5. i’m not sure about arruginative languages, but i think arruginated languages might include such lects as latin, fusha, talmudic aramaic, coptic, palo kikongo, and académie french.

  6. David Marjanović says

    that’s the only way of ensuring one’s immortality

    ♩♩♩♫ Exegi mŏnŭment’ aerĕ pĕrennjus
    regaliquĕ sĭtu pyrămĭd’ altjus ♩♫♩♩


    A stereotypical name for rather small dogs, because “bark” is bellen.

    This idea of a “candelabra” that can be “turned down” seems to bother and defeat most translators, although I’ve seen what seems a perfectly reasonable argument that a “Kandelaber” is/was a sort of gas lamp.

    I don’t think this parsing is even possible. Zurückgeschraubt has to refer to Schauen.

  7. This idea of a “candelabra” that can be “turned down” seems to bother and defeat most translators, although I’ve seen what seems a perfectly reasonable argument that a “Kandelaber” is/was a sort of gas lamp.
    Indeed. The German word designates two things, a many-armed candle holder and a many-armed lamp.

  8. Stephen hitting the “chimney” with his “ashplant” makes me think of Odin thrusting Gram/Nothung into Barnstokkr (cognate to “bairn stick,” meaning roughly “child tree”), the tree trunk in the middle of Volsungr’s hall, where it is to remain until the greatest of all mortal heroes comes to claim it.

  9. — for you, for now, the word is more important than the world.

    And indeed, Joyce plays with both in a kind of authorial lila:

    I called you naughty boy because I do not like that other world. Please tell me what is the real meaning of that word.
    [Letter from Martha to “Henry Flower”, in “Lotus Eaters”. Compare her “O how I long to meet you. Henry dear, do not deny my request before my patience are exhausted.”]

    There is another world after death named hell. I do not like that other world she wrote. No more do I. Plenty to see and hear and feel yet. Feel live warm beings near you. Let them sleep in their maggoty beds. They are not going to get me this innings. Warm beds: warm fullblooded life.
    [Bloom, near the end of “Hades”.]

    Wanted smart lady typist to aid gentleman in literary work. I called you naughty darling because I do not like that other world. Please tell me what is the meaning. Please tell me what perfume does your wife. Tell me who made the world. The way they spring those questions on you.
    [Bloom, in “Lestrygonians”.]

    Mr Bloom with his stick gently vexed the thick sand at his foot. Write a message for her. Might remain. What?
    Some flatfoot tramp on it in the morning. Useless. Washed away. Tide comes here a pool near her foot. Bend, see my face there, dark mirror, breathe on it, stirs. All these rocks with lines and scars and letters. O, those transparent! Besides they don’t know. What is the meaning of that other world. I called you naughty boy because I do not like.
    AM. A.
    No room. Let it go.
    Mr Bloom effaced the letters with his slow boot. Hopeless thing sand. Nothing grows in it. All fades. No fear of big vessels coming up here. Except Guinness’s barges. Round the Kish in eighty days. Done half by design.
    [Near the end of “Nausicaa”.]

    Intimately connected with Bloom and Martha’s epistolary assignation is his lipographic “high grade ha”:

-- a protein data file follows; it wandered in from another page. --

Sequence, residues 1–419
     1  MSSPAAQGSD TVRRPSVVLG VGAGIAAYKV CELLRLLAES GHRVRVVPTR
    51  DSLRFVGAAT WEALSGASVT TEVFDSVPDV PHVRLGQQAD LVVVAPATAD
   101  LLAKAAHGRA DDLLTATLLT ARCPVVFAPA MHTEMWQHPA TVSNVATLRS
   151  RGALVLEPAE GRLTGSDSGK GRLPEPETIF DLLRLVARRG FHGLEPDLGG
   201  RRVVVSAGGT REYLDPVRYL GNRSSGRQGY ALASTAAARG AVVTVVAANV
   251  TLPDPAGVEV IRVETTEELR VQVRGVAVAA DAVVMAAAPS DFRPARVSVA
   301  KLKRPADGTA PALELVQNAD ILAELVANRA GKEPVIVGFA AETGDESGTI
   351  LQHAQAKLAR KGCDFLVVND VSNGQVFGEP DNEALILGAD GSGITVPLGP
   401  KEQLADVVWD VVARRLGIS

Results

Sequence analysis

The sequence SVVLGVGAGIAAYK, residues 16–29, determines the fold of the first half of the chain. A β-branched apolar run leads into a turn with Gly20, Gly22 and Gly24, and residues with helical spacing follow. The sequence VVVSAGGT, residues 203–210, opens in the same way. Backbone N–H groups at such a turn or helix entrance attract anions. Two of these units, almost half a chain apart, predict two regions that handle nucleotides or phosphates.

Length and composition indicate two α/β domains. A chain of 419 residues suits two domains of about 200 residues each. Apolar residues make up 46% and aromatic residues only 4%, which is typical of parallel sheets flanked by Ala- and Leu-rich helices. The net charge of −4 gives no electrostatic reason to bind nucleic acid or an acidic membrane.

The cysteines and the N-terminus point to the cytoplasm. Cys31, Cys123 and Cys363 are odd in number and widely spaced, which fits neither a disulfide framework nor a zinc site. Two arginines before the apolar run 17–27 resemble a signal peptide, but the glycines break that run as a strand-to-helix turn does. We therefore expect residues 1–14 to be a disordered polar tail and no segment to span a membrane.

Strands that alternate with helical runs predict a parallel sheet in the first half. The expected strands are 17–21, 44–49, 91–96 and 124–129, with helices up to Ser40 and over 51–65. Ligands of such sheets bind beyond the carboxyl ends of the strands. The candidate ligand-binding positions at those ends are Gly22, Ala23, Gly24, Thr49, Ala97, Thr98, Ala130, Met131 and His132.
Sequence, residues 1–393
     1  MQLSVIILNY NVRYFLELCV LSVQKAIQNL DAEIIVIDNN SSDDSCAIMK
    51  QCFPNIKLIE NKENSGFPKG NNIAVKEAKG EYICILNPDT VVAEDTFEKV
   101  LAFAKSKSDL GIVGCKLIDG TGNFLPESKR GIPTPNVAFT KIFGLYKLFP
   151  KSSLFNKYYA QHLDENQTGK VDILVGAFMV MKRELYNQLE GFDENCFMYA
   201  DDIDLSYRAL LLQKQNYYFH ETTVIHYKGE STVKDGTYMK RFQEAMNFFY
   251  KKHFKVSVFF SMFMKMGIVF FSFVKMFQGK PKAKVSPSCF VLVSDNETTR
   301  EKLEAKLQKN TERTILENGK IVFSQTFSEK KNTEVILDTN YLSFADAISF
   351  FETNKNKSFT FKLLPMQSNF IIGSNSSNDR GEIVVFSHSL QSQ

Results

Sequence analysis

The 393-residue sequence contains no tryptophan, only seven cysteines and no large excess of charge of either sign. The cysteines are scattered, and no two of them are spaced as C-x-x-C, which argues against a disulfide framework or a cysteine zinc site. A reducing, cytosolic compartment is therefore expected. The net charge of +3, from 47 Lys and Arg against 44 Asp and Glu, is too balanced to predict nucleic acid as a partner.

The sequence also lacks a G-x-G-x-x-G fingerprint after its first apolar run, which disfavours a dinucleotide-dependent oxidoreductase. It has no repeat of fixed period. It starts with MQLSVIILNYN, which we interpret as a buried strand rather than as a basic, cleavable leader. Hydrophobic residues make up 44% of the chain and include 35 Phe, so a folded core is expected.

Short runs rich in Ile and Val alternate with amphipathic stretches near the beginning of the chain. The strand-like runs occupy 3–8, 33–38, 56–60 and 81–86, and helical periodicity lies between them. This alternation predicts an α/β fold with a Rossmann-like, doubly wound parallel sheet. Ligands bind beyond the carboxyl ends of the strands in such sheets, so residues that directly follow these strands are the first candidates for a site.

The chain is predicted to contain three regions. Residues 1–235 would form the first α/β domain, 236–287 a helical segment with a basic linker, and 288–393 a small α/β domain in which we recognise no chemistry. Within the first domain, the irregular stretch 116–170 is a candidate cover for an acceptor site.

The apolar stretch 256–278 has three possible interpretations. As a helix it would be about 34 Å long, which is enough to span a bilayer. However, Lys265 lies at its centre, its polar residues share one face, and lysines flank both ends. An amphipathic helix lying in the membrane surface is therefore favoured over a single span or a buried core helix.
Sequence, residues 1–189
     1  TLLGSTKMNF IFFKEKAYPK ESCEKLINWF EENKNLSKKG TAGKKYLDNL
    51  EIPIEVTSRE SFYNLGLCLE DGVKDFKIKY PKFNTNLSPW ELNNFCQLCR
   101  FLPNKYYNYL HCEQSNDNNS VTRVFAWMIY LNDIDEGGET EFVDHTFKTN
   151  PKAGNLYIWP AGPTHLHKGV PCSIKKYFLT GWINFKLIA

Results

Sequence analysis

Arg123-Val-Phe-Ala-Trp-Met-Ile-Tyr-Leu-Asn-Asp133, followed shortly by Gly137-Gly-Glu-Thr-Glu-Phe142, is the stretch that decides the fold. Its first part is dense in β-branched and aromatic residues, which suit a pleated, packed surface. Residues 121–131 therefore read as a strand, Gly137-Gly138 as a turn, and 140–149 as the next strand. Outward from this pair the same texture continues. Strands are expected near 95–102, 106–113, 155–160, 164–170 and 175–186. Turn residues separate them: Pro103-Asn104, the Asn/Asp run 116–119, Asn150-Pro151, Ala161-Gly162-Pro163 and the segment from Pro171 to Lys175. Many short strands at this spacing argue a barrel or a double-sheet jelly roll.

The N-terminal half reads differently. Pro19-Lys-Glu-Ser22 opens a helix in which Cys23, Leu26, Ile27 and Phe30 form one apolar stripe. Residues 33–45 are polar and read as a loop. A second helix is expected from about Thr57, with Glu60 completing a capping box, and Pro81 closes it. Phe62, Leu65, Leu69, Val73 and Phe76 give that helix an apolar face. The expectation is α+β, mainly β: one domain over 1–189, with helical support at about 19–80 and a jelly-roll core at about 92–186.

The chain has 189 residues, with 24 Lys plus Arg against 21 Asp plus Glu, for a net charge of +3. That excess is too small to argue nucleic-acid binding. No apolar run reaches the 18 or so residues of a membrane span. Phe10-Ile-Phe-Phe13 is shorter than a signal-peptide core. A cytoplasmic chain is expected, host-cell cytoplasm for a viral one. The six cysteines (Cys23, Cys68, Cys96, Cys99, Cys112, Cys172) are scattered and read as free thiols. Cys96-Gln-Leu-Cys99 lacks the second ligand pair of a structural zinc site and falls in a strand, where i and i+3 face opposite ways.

The sweated legend in the crown of his hat told him mutely: Plasto’s high grade ha. He peeped quickly inside the leather headband. White slip of paper. Quite safe.

    Under their dropped lids his eyes found the tiny bow of the leather headband inside his high grade ha. Just there. His right hand came down into the bowl of his hat. His fingers found quickly a card behind the headband and transferred it to his waistcoat pocket.
    [“Lotus Eaters”]

    Folly am I writing? Husbands don’t. That’s marriage does, their wives. Because I’m away from. Suppose. But how? She must. Keep young. If she found out. Card in my high grade ha. No, not tell all. Useless pain. If they don’t see. Woman. Sauce for the gander.

    In “Circe” the ha appears complete, but in the same context of dissimulation with reference to his Dublin namesake, Bloom the dentist, and others (and also shift of gender):

    BLOOM I have forgotten for the moment. Ah, yes! (He takes off his high grade hat, saluting.) Dr Bloom, Leopold, dental surgeon. You have heard of von Bloom Pasha. Umpteen millions. Donnerwetter! Owns half Austria. Egypt. Cousin.

    I have made a pervaginal examination and, after application of the acid test to 5427 anal, axillary, pectoral and pubic hairs, I declare him to be virgo intacta.
    (Bloom holds his high grade hat over his genital organs.)

    In “Eumaeus” Bloom reads the report of the day’s funeral (a celebration of absence), and finds himself misspelt adjacent to other absences by omission or otherwise:

    … Stephen Dedalus, B. A., Edward J. Lambert, Cornelius Kelleher, Joseph M’C. Hynes, L. Boom, C. P. M’Coy, – M’Intosh, and several others.
    Nettled not a little by L. Boom (as it incorrectly stated) and the line of bitched type, but tickled to death simultaneously by C. P. M’Coy and Stephen Dedalus, B. A., who were conspicuous, needless to say, by their total absence (to say nothing of M’Intosh), L. Boom pointed it out to his companion B. A., engaged in stifling another yawn, half nervousness, not forgetting the usual crop of nonsensical howlers of misprints.